MURRAY — Ever since the City of Murray announced last week that it would be offering a special brush pickup period following severe storms that struck the city, a strong concern has been expressed by Mayor Bob Rogers.
During Thursday’s meeting of the Murray City Council, Rogers brought that concern to the public once again. This brush pickup is happening at a potentially volatile time — the Fourth of July and days surrounding it.
“I want to once again advise all of our citizens to be very careful when using fireworks this year, especially with these brush piles that are going to be sitting out along our city streets. That could be creating quite a fire hazard and we don’t need any problems coming from that,” Rogers said at City Hall.
The special pickup, coming as part of a state of emergency that Rogers declared last Monday, June 24, is being put in place to give residents the chance to get rid of tree pieces that came down in their yards during a series of severe thunderstorms that moved through that previous weekend. The worst of the damage was inflicted on the evening of June 21 as both the city and Calloway County suffered from high winds that sent several trees crashing to the ground, sometimes into houses.
City Street and Solid Waste Manager Ron Allbritten said that because of the wide area that damaged was reported, it was decided that a full-city pickup was the best way to handle it. That now means that, perhaps in some cases, some piles will be sitting along streets for as many as five weeks, provided residents are preparing well in advance, as Allbritten has suggested.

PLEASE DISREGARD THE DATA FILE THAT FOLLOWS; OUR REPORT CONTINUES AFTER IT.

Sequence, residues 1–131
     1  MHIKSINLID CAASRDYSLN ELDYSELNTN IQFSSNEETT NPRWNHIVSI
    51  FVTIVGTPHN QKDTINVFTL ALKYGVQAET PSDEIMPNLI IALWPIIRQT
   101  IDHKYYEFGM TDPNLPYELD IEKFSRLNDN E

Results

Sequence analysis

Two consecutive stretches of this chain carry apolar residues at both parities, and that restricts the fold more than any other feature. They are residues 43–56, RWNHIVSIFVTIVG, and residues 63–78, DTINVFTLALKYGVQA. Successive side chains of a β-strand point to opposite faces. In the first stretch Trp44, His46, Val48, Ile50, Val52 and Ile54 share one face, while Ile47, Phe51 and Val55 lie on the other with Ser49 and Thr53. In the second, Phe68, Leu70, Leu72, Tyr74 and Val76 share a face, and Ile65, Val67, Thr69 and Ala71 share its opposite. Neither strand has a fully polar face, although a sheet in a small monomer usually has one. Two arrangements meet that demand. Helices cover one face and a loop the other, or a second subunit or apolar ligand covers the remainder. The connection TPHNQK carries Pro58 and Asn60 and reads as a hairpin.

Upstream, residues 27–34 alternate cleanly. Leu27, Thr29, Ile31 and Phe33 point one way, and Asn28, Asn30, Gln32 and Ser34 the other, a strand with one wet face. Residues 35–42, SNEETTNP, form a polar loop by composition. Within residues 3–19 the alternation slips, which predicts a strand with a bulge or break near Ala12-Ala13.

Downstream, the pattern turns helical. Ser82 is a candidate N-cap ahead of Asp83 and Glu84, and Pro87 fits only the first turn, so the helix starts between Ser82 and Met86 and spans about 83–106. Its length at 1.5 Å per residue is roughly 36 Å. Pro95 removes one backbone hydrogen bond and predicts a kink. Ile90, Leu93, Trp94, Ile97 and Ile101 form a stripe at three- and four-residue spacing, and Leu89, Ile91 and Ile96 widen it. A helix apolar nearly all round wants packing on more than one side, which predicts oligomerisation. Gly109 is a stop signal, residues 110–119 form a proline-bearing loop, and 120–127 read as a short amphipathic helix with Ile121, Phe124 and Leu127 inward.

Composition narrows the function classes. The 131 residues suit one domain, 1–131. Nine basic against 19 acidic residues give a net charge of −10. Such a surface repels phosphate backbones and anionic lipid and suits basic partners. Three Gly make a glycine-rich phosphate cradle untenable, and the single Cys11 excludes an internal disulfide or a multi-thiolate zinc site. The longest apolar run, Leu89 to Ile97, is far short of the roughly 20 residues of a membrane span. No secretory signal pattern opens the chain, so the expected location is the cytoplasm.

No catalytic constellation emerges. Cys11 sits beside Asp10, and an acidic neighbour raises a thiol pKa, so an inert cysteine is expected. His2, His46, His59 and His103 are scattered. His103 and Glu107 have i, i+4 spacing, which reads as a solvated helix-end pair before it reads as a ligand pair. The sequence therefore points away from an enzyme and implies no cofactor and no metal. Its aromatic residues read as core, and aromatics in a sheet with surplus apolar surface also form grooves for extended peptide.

That means officials like City of Murray Fire Chief Eric Pologruto will be keeping an extra close watch for the next few weeks.
“Any time you combine potentially combustible materials with an ignition source like fireworks, or sparks that could fly around, you’re going to have at least some risk involved,” Pologruto said, adding that current weather conditions may help the situation. “Right now, all of that brush in those piles isn’t really too likely to burn because it’s been so wet around here, and we’re thankful for that at this stage.
“Now, if this were (2012) when we had daytime temperatures of 106 degrees and it was so dry that it actually felt cooler than that, I’d be pretty concerned.”
Pologruto is referring to a massive drought that was in place over western Kentucky in the summer of 2012 that caused Murray and Calloway officials to issue burn bans at the time the Fourth of July arrived. The annual Freedom Fest fireworks show did continue as scheduled, but it was under the watch of both Murray Fire Department units, as well as units from Calloway County Fire-Rescue, as both were put on standby at the Bee Creek soccer complex.
In addition, Rogers wished to remind residents that fireworks are not to be ignited within 200 feet of any buildings, vehicles or people in the city limits, as specified by a city ordinance. City Administrator Jim Osborne followed that by saying that there are very few places in the city where that would be able to happen.
In addition, the ordinance also requires fireworks lit on the ground, such as a fountain, to be at least 50 feet away from buildings, vehicles or people.